Connect the Dots to Achieve Unity in Your Landscape Design
This 6th principle of landscape architecture poses a question you need to ask early and often.
The Principle of Unity can seem terribly abstract, but it’s really one simple question: Did you connect all the dots in your design?
How does your design hang together?
This is the question you don’t want to start asking after everything is built, installed, and planted. It’s the question you and your designer have to ask and answer and ask again through every step of your plan.
Your mind senses Unity, seeks out environments that feel unified—an harmonious, well designed space where all the Elements of Design work together. You’ll know when your plan has achieved Unity. Your guests will feel the Unity, too, or sense its absence. People feel uncomfortable in a space where Unity is missing. They may not consciously see every design flaw, but they feel them.
Follow the principles
If you want the result to hang together, look for Unity as you follow each of the Principles of Design. You can learn more about the first five Principles in these articles:
- Balance: You can’t stand erect without balance, and you can’t stand an environment that’s off balance
- Contrast: Artful, lively contrast makes your outdoor environment more interesting and counters boredom of too much balance
- Emphasis: Draw attention, set the stage, provide focus, create a layered experience for people to move through your space
- Rhythm: Bring order, set the tempo, and harmonize everyone’s moment through your space
- Movement: Movement is flow, flow is life, and unity is a measure of how well your design brings feelings of positive flow and life together
Some design principles can sometimes work against Unity. For example, high Contrast or over-the-top Emphasis, if not handled with skill, can break unity. Done well, you can use high contrast to add excitement and drama. Place strong emphasis on a feature worthy of focus, and you’ll add applause-worthy interest to your space. Done without care and purpose, too much contrast, or the wrong emphasis, and the result feels disorganized, even chaotic.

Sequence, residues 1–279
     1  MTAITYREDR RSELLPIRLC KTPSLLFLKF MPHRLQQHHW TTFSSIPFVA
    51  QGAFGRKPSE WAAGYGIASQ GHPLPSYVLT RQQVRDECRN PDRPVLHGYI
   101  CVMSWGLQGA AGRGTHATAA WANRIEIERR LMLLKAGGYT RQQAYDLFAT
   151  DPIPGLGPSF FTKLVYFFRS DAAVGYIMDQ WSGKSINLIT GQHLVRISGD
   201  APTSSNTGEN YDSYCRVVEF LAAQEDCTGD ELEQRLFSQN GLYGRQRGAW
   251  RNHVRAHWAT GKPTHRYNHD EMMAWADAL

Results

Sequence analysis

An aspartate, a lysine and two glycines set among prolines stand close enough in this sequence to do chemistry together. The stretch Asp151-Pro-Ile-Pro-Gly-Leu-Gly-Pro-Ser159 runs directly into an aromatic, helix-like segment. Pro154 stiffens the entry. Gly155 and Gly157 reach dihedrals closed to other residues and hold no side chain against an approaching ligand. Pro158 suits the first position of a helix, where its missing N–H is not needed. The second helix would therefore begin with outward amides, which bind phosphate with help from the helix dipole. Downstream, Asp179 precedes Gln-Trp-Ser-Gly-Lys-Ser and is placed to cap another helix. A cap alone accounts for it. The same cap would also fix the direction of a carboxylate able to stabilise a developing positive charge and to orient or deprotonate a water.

Who needs Unity? Everyone in Every Space
Unity isn’t just a principle for large properties or big budgets. It applies equally to small and big spaces, large and small budgets. In fact, smaller spaces and smaller budgets often present special challenges where creative design makes a decisive difference in the results.
Amy Fedele is a Philadelphia area graphic designer, who turned her new (first) home into a DIY laboratory of landscape design, shares everything she learns on her blog. In her article, “5 ways to create unity and flow in your landscape,” she says one of the most common problems she sees, “is the lack of connection from one part of the garden to another.”
Whatever you budget, when you make the connections, you get more satisfaction from your investment and a lot more pleasure every time you enter your space. Whether it’s a simple garden around your hot tub, or a landscaped patio surrounding your new pool, your plan should unify your home and outdoor architecture. Start with paths from home to the things your yard holds. These are visual and physical paths—to patio, to pool, to spa, to fire pit, to garden, or to an especially important feature.
Unity in flow means designs that direct the movement of eyes and bodies through your space. Create those places to start. Points to slow down. Features that invite you to pause, to rest or play, exercise or meditate, read a book, or dine with friends and family. When you design for Unity, you get positive flow. Unity creates purposeful movement. It connects the dots and invites you and your guests to simply enjoy your outdoor space.